She says, “Paint is my first thing because it doesn’t cost much, as long as you’re willing to put the time into it. The original paint in the condo was not well done. I realized I was repainting a color I don’t even like. Paint is amazing. Our bathroom has been like nine different colors. And the kids get into it.”
The teepee, a birthday gift when her youngest turned one, was originally set up in the nursery. Now it’s a cozy place for the boys to read. Anderson’s father won the surfboard that’s propped up in the corner in a raffle. It belonged to a well-known surfer, and he had it signed before gifting it to his first grandson.
There are five large, tall windows that needed draperies. Ten custom curtain panels would have been really pricey, so Anderson purchased 10 white curtain panels and a few navy ones, and asked her dry cleaner to sew a strip of navy panel to the bottom of the white ones to create cost-effective, extra long colorblock draperies. “All my friends are doing this now too,” she says.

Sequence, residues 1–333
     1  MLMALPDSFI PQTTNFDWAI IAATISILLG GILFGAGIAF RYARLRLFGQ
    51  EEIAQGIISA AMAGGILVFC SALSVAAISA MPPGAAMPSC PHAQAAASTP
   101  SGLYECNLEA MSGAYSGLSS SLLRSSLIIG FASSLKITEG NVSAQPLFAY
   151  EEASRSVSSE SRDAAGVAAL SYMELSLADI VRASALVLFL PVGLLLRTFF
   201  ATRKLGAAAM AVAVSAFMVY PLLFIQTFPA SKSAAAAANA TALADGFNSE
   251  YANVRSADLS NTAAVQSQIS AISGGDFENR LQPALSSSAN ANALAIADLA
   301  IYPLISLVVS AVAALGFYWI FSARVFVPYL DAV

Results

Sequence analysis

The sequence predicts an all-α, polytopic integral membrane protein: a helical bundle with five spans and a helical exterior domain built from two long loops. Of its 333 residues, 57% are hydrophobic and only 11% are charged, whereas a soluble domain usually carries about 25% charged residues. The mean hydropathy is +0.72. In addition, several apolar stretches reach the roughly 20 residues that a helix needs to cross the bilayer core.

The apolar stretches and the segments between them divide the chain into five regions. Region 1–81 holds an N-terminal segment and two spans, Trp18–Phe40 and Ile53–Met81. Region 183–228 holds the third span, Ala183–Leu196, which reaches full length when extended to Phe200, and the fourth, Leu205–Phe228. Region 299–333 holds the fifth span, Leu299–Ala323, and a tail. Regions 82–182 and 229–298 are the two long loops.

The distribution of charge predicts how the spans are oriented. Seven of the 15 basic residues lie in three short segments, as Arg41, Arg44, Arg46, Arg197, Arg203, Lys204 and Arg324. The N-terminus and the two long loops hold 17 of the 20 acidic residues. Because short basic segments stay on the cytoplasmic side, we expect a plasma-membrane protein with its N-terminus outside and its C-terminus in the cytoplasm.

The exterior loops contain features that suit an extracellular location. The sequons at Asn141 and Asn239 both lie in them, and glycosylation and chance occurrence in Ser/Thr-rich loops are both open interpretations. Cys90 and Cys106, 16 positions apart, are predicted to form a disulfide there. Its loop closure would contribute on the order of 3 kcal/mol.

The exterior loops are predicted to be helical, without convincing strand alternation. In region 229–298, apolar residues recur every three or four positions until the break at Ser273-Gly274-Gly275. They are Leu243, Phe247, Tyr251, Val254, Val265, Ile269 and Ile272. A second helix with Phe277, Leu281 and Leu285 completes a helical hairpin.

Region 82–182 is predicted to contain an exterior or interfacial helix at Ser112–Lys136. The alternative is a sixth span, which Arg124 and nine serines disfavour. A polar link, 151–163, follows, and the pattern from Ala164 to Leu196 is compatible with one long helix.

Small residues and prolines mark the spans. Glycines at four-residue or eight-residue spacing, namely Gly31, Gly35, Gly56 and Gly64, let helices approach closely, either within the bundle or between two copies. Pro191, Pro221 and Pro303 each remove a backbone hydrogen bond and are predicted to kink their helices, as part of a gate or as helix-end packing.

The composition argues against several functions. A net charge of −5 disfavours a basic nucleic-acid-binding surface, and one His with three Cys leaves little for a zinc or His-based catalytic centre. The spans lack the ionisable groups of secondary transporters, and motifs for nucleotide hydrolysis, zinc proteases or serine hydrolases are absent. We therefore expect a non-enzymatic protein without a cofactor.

It was important to Robin that the boys’ bedroom makeover reflect the family’s heritage and interests. A Swiss flag, framed at the Central Square Blick in Cambridge, her go-to spot for affordable framing, hangs to honor her husband’s birthplace. “He’d love to move back someday,” Anderson says. Authentic Swiss army blankets are another nod to his heritage. She says,”You get the blankets when you join the army, which is obligatory there.”
Over the other bed, school pennant is clustered with a photo of the Matterhorn in the Swiss Alps, a call out to the family’s love of skiing, and an autographed surfer photo that was a gift to her son from her dad. On the other wall, a deceptively luxe-looking red faux snakeskin frame (also done at Blick) displays a print signed by Dr. Seuss that Anderson found on a trip to New Orleans. She hopes her son will pass on to his own kids. She says, “It was my first and only legitimate art purchase.”